Tag Archives: derbyshire

Derbyshire well dressing

Well dressing was originally a pagan custom of celebrating the gods of wells and springs to ensure a continued supply of fresh water, but it took on a particular significance in Derbyshire in the 17th century as a way of giving thanks for being spared from the Great Plague of 1665.

2014 well dressing in the village of Tideswell

2014 well dressing in the village of Tideswell

(The village of Eyam became known for the self-sacrifice of its inhabitants: after becoming infected after a tailor received a flea-infested parcel of cloth from London, they decided to quarantine themselves rather than spread the plague to surrounding villages. 260 out of 350 villagers died.)

Derbyshire well dressings take the form of elaborate pictures made from individual flower petals pressed onto clay-covered boards. These pictures may feature local landmarks, Biblical scenes, or historical events. The Tideswell well dressing shown here features landmarks from the nearby spa town of Buxton (Aqua Arnemetiae is its Roman name), including the frontage of its Victorian railway station.

Well dressings are usually displayed as part of a week-long festival in the village, and houses and the streets may also be decorated.

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Mam Tor and the A625

Once upon a time (1819, to be exact), a road was built. What became the A625 headed westwards out of Sheffield, through Hathersage and Castleton in the Hope Valley, and wound its way across the Mam Tor landslip to finally arrive in Chapel-en-le-Frith. The Mam Tor routing replaced an ancient (and much steeper) cart route through Winnats Pass.

There was, however, a minor problem – the landslip. Mam Tor has been on the move for thousands of years, and it wasn’t long before the road had to be repaired. And then repaired again. And again.

Looking back over the Hope Valley from what remains of the A625

Looking back over the Hope Valley from what remains of the A625

In the 1970s a huge landslip meant that major repairs were needed but finally, in 1979, Derbyshire County Council admitted defeat and the road was abandoned. Today, Winnats Pass is the only (and very unsuitable) direct route out of the western end of the Hope Valley, but the remains of the old A625 have become a tourist attraction in their own right.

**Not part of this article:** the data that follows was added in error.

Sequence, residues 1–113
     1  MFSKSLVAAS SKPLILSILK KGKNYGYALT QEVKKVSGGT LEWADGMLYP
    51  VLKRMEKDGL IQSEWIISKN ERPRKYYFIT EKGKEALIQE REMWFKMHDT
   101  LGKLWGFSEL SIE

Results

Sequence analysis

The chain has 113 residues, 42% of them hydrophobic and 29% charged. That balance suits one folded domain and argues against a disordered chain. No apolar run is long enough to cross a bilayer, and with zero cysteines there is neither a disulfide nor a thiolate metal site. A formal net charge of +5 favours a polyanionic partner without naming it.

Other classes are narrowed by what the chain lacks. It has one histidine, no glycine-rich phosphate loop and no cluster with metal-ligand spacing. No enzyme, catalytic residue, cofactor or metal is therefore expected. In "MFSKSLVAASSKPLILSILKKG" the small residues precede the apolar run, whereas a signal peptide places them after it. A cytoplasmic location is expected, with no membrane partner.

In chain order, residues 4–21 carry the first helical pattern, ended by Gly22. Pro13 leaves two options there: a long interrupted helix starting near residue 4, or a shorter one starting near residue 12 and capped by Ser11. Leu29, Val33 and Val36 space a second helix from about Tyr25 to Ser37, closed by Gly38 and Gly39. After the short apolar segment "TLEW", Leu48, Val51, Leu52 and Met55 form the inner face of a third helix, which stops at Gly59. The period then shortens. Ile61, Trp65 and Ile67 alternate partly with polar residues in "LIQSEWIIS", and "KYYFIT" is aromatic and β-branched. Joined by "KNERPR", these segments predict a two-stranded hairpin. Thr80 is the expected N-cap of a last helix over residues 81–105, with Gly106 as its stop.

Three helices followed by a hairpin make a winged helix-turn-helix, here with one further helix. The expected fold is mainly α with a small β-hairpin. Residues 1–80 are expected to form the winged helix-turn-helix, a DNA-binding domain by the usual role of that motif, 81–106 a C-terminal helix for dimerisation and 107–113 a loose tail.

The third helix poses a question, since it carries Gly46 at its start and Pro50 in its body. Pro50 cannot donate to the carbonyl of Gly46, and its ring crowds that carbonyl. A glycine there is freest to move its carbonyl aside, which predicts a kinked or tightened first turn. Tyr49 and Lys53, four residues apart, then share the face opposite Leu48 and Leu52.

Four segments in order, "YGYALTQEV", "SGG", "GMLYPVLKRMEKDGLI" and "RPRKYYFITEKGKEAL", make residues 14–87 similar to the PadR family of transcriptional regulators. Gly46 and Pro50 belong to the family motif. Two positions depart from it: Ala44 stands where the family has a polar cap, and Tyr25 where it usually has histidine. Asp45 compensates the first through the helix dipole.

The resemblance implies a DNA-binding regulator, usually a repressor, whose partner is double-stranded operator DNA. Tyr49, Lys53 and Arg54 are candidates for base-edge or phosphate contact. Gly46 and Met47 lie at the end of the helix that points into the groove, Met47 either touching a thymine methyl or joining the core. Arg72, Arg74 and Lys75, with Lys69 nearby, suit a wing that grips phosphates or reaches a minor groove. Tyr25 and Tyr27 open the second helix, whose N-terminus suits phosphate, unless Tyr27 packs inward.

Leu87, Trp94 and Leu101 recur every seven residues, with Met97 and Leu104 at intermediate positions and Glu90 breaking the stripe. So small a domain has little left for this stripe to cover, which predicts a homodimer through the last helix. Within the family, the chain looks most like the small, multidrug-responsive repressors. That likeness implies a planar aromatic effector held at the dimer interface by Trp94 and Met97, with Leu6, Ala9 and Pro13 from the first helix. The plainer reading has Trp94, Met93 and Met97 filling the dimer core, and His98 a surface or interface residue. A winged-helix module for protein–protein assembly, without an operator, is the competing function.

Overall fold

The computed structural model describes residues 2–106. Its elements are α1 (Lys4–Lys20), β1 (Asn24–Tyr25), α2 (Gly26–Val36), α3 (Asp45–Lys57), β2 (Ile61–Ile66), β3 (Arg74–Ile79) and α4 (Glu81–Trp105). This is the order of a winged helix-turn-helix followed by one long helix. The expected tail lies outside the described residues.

Usually, when we walk at Mam Tor, we park at Mam Nick and take the usual routes to the summit, but this weekend we decided to explore the old road instead, and it was definitely an experience!

Collapsed road at Mam Tor

Collapsed road at Mam Tor

As with any walk in the Peak District, particularly around Castleton at the weekend, my advice is to get there early, before the crowds appear. There’s plenty of parking along the old road up to and around the bus turning circle by Odin’s Mine, a disused lead mine at the foot of Mam Tor (please note that the mine is dangerous and shouldn’t be entered). Just head up the road and very soon you will start to see the signs of movement – the fissures in the road surface, the crumbling edges – before you round a corner and suddenly realise exactly why the road had to be closed!

Collapsed section of the old A625

Collapsed section of the old A625

The walk up the road isn’t bad going – just watch your step in places. The road brings you out by Blue John Cavern (or you can, if you’re feeling adventurous, strike out for the Mam Tor summit on your right). Otherwise there’s a very pleasant descent via a footpath heading east from Blue John Cavern that brings you out by Treak Cliff Cavern.

View of Back Tor and Lose Hill from Blue John Cavern

View of Back Tor and Lose Hill from Blue John Cavern

Whether you do the walk as a stand-alone or incorporate it into a longer walk/day trip, the old A625 is definitely worth a look as a reminder of just how unforgiving nature can be!

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